Anthony Gooden and Marquez Tolbert were sleeping in Gooden’s apartment on February 12 when Martin Blackwell, the boyfriend of Gooden’s mother, walked in. According to Tolbert, Blackwell poured boiling water on the men, causing severe burns that required surgery to treat. Blackwell, who didn’t live in the apartment, told Tolbert, “Get out of my house with all that gay shit.”
“The pain doesn’t let you sleep. It’s just, like, it’s excruciating, 24 hours a day, and it doesn’t go anywhere,” Tolbert told Atlanta’s WSB-TV. “It doesn’t dial down, anything. It’s just there.”
Blackwell said the men were having sex when he poured hot water on them, Sarah Kaplanreported for the Washington Post. But Vickie Gray, a friend of Tolbert’s, said they were sleeping, although the attack wouldn’t be justified if the men were having sex.
Blackwell is currently in jail, charged with two counts of aggravated battery.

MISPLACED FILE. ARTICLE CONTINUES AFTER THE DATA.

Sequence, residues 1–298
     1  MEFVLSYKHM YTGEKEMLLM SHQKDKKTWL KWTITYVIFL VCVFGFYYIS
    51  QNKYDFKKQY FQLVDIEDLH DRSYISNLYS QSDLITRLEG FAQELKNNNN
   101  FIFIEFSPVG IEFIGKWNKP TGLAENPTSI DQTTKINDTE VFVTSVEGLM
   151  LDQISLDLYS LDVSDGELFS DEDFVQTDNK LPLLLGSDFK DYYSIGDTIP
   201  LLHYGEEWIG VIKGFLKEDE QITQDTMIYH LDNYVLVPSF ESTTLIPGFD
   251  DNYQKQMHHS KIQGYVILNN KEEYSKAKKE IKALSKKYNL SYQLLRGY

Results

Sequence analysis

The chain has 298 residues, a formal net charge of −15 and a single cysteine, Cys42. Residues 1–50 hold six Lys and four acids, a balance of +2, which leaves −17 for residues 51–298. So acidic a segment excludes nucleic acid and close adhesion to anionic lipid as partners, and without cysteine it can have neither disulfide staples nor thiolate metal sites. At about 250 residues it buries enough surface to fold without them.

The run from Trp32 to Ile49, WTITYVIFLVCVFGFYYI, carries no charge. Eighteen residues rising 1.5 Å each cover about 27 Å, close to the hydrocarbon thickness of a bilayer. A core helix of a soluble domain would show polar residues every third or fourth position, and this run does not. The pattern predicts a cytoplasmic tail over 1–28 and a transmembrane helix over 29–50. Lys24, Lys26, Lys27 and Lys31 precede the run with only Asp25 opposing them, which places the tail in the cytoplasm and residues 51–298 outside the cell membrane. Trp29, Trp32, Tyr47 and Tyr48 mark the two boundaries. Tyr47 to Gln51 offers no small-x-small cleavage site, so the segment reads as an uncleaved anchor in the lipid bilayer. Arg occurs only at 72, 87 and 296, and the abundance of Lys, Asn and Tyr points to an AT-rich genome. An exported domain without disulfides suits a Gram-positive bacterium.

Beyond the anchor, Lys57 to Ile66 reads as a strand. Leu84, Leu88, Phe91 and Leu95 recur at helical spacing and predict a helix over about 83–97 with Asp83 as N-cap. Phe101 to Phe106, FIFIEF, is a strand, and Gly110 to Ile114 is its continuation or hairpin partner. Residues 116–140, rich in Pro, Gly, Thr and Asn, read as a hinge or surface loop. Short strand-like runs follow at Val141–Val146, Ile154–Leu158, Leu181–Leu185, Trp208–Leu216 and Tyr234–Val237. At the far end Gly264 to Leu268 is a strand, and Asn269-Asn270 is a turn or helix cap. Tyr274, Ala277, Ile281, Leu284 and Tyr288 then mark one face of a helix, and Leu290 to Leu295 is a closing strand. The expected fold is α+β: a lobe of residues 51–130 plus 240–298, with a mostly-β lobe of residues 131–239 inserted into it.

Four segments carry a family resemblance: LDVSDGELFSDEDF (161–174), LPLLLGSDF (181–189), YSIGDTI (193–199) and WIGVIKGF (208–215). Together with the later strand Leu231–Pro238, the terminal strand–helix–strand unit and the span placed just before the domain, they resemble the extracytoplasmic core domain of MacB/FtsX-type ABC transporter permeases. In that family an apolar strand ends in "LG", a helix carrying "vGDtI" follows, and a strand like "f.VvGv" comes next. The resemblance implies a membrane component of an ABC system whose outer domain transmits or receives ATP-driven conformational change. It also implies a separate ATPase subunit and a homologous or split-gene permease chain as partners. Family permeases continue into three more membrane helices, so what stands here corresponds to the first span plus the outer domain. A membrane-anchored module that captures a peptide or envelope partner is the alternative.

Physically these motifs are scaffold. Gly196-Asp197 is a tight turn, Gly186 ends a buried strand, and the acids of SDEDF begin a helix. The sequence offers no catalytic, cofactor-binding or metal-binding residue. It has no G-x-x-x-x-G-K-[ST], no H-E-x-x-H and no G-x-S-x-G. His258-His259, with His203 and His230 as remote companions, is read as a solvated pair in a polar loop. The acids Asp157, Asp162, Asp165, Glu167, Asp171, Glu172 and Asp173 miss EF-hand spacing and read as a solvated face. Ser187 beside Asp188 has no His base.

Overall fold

Georgia doesn’t have a hate crime law
One charge Blackwell won’t face from Georgia: a hate crime charge.
Like 19 other states in the US, Georgia doesn’t include sexual orientation in its hate crime laws, according to the Human Rights Campaign.
In fact, Georgia has no hate crime law at all. According to the Anti-Defamation League, it joins just four other states that don’t: Arkansas, Indiana, South Carolina, and Wyoming.
Still, federal officials are considering hate crime charges, according to WSB-TV. Federal hate crime laws include sexual orientation and gender identity following the passage of the Matthew Shepard and James Byrd Jr. Hate Crimes Prevention Act in 2009.
Americans supported the addition: A 2009 Gallup survey found 67 percent of Americans supported including gay and lesbian people in federal hate crime laws.
The FBI reported more than 1,000 incidents of hate crimes in 2014 against someone based on sexual orientation, but the data is likely incomplete for all LGBTQ people. Still, the reported count averages to nearly three incidents of hate crimes based on sexual orientation each day in the US.
Taken from Vox.Com